Subsea Defense


XLUUV: If You Build It, They Will Buy

Industry sees emerging opportunity in large, extra-large AUVs

By David R. Strachan, defense analyst and founder, Strikepod Systems

Photo courtesy Anduril Industries

In August, 2021, after years of delays, cost overruns, and rising tensions, the Australian government canceled a A$90 billion order with France’s Naval Group for 12 conventionally powered submarines intended to replace the Royal Australian Navy (RAN)’s aging fleet of six Collins-class attack subs. Overnight, the future of the RAN’s undersea warfare capability was cast into uncertainty. The very next month, however, the United States and the United Kingdom announced a plan to help Australia fill the void, offering to assist in the design, development, and construction of a new fleet of now nuclear powered submarines. While the move was hailed by many as cunning geostrategy, the devil is in the details.

Given Australia’s lack of experience in nuclear power production or nuclear submarine construction, and that the new class of attack sub would have to be designed largely from scratch, the full realization of this trilateral security pact, dubbed AUKUS, is still many years, if not decades, away. Meanwhile, China’s regional expansion continues unabated - most recently with an infrastructure partnership with the island archipelago of Vanuatu, just 1200 miles off Australia’s east coast. “The security challenges in the Indo-Pacific region have grown significantly,” said Australian Prime Minister Scott Morrison. “Military modernization is occurring at an unprecedented rate and capabilities are rapidly advancing and their reach expanding. The technological edge enjoyed by Australia and our partners is narrowing.” The sense of urgency is clear. But with only a small fleet of aging attack subs, how can the RAN augment its undersea defenses in order to secure its maritime interests?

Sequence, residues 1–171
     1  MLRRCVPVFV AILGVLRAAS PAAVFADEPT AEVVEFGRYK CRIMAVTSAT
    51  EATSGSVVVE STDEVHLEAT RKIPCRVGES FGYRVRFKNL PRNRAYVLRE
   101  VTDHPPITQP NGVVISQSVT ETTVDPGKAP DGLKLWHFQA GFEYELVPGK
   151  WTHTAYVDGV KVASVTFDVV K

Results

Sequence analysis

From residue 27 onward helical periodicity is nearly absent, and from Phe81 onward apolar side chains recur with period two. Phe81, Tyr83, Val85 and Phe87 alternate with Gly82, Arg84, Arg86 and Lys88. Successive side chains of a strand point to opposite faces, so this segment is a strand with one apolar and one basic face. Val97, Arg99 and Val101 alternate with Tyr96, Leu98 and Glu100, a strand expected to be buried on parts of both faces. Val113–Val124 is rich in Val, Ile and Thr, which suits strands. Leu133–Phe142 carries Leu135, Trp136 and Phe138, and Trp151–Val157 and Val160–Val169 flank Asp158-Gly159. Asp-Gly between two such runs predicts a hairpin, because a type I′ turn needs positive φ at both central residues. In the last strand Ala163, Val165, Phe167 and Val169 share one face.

Naomi Harrison Photo courtesy Cellula Robotics

Enter Anduril Industries, a U.S. defense technology company and developer of autonomous systems, who, in May, announced a partnership with the RAN to deliver three XL-AUV (extra large autonomous underwater vehicles) by 2023. Anduril’s focus has been air and force protection systems, but earlier this year the company moved into the undersea domain with its acquisition of Dive Technologies, the Quincy, Massachusetts developer of the Dive-LD, a 5.8-meter, 2720 kg large displacement unmanned underwater vehicle (LDUUV). Founded by former Bluefin Robotics engineers, Dive pioneered the use of additive manufacturing (3D printing) to fabricate the LD’s outer hull, as well as its internal components and substructures. With the Dive acquisition, Anduril is now uniquely positioned to offer the RAN a near-term undersea warfare solution by combining the Dive-LD’s manufacturing methods with Anduril’s advanced technologies. “There is a clear need for an XL-AUV built in Australia, for Australia,” said Palmer Luckey, Anduril Founder. “The XL-AUV will harness the latest developments in autonomy, edge computing, sensor fusion, propulsion, and robotics to bring advanced capability to the Royal Australian Navy.”